SEATTLE — The A's packed their belongings Sunday and began scattering about, some players returning to Oakland on the team charter and others hopping a plane and heading straight home for the offseason.
In their final game, they fell short of manager Bob Geren's wish for the victory that would have given them a better record than 2007. A 4-3 loss to the Seattle Mariners at Safeco Field left the A's 75-86, and how one views that final mark is open to interpretation.
But considering last winter's trades of four veterans, the team's surprisingly strong start to the season, two more trades in July and the second-half fade that followed, 11 games under .500 sounds about right for the 2008 A's.
And though they finished with a five-game losing streak and their worst record since going 74-88 in 1998, the talk in the clubhouse was optimistic in discussing what lies ahead.
"We've got some (young) guys that got a lot of big league experience," designated hitter Jack Cust said. "We've got a ways to go as far as where we need to be to compete with the Angels and White Sox and Red Sox, teams like that. But with the trades we made, I think we've got a lot of good players in return and hopefully we can mature."
Sunday's finale didn't have much riding on it, but it included some noteworthy story lines. Josh Outman, obtained from Philadelphia in July's trade of Joe Blanton, took the final start of the season and went six innings, allowing eight hits and three earned runs.
Hardly spectacular, but he showed some promise since getting called up earlier in the month.
Travis Buck belted a home run down the right-field line to lead off the game and went 3-for-5. One of the early disappointments when he was demoted to the minors, Buck bounced back after getting recalled Sept. 16 and hit .367 with four homers in 12 games.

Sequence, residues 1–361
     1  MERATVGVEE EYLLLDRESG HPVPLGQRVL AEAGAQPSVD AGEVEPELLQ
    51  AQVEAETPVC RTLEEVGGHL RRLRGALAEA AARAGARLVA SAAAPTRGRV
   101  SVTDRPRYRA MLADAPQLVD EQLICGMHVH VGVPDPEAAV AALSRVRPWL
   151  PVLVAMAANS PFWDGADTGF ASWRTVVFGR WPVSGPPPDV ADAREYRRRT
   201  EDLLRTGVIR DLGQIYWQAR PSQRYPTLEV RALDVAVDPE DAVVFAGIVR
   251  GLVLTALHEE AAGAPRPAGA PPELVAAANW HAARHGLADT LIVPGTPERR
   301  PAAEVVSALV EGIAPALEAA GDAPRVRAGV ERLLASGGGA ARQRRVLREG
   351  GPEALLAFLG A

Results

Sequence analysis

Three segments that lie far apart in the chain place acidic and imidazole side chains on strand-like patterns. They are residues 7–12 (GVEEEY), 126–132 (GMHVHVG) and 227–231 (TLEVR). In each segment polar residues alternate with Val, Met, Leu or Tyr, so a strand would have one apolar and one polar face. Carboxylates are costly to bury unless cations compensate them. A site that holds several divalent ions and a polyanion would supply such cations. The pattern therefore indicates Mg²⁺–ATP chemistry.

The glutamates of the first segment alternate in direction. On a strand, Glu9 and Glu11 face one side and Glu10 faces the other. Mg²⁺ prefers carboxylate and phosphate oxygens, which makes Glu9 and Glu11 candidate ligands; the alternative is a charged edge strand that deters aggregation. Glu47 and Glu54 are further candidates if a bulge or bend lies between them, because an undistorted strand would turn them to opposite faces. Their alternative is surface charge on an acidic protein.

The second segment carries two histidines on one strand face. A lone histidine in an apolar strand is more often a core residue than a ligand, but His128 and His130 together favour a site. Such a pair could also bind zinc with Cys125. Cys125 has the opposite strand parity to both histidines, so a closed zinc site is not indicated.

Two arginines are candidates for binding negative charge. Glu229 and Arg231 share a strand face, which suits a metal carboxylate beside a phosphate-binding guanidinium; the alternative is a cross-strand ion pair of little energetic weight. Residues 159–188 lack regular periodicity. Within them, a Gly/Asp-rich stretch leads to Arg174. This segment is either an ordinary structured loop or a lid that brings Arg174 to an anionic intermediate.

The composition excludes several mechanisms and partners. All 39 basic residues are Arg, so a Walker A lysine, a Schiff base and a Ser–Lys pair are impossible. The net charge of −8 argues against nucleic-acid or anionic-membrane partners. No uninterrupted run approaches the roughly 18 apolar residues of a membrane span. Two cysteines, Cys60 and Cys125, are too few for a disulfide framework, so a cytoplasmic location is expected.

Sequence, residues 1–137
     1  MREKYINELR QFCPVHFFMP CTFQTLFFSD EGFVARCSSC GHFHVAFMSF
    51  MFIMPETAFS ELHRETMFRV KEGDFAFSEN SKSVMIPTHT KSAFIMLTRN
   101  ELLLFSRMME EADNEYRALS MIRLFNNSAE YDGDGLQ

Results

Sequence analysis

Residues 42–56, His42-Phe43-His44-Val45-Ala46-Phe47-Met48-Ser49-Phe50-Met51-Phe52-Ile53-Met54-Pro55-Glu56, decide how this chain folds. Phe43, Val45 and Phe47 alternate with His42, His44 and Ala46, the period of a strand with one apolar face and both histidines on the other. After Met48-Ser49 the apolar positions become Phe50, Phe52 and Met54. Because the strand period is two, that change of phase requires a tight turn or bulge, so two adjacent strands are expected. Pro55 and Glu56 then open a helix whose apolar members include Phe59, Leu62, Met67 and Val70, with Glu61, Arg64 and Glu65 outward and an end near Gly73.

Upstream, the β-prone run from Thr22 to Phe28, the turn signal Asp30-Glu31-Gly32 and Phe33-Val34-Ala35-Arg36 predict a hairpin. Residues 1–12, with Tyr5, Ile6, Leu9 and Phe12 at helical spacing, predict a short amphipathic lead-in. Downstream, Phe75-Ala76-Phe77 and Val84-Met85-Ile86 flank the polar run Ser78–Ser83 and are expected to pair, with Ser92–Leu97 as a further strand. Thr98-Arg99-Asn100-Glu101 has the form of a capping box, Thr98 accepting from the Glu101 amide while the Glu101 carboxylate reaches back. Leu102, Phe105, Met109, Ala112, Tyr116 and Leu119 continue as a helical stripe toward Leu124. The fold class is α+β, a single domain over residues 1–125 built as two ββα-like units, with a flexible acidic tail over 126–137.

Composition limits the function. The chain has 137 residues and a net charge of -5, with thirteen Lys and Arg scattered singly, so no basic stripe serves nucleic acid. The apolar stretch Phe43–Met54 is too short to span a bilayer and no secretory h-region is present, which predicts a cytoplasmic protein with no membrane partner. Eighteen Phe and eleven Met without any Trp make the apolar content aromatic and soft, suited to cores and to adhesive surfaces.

The A's will have a crowded outfield to sort out in the spring, with Buck, Ryan Sweeney, Carlos Gonzalez, Aaron Cunningham, Rajai Davis and Chris Denorfia in the mix.
Denorfia earned Geren's praise and drew starts in the final two games, as the A's manager juggled his outfield plenty over the past couple of weeks.
Buck helped his cause with his impressive showing and gained confidence from it, as his postgame comments reflected.
"It means a whole lot — it wasn't a lost year," Buck said. "I showed improvement to myself. I know I'm a great player; I know they know I'm a great player. It's all about not having negative thoughts. I'm going to go into the offseason and work extremely hard."
Fittingly, Sunday's loss also showcased one of the A's season-long weaknesses — capitalizing on scoring opportunities. They scored three times in the first on Buck's homer and Denorfia's two-run double but didn't break through again, coming up empty with the bases loaded in the sixth and seventh.
"It's something we'd like to improve on," Geren said. "It's something every team in baseball would like to be better in. We're no different."
It's a reminder that although the A's are high on their core of young players, they're far from a finished product that's automatically set to contend.
"I think we have a lot of talent in the organization," Geren said. "If we need more, we've been able to do that in the past."
Contact Joe Stiglich at firstname.lastname@example.org.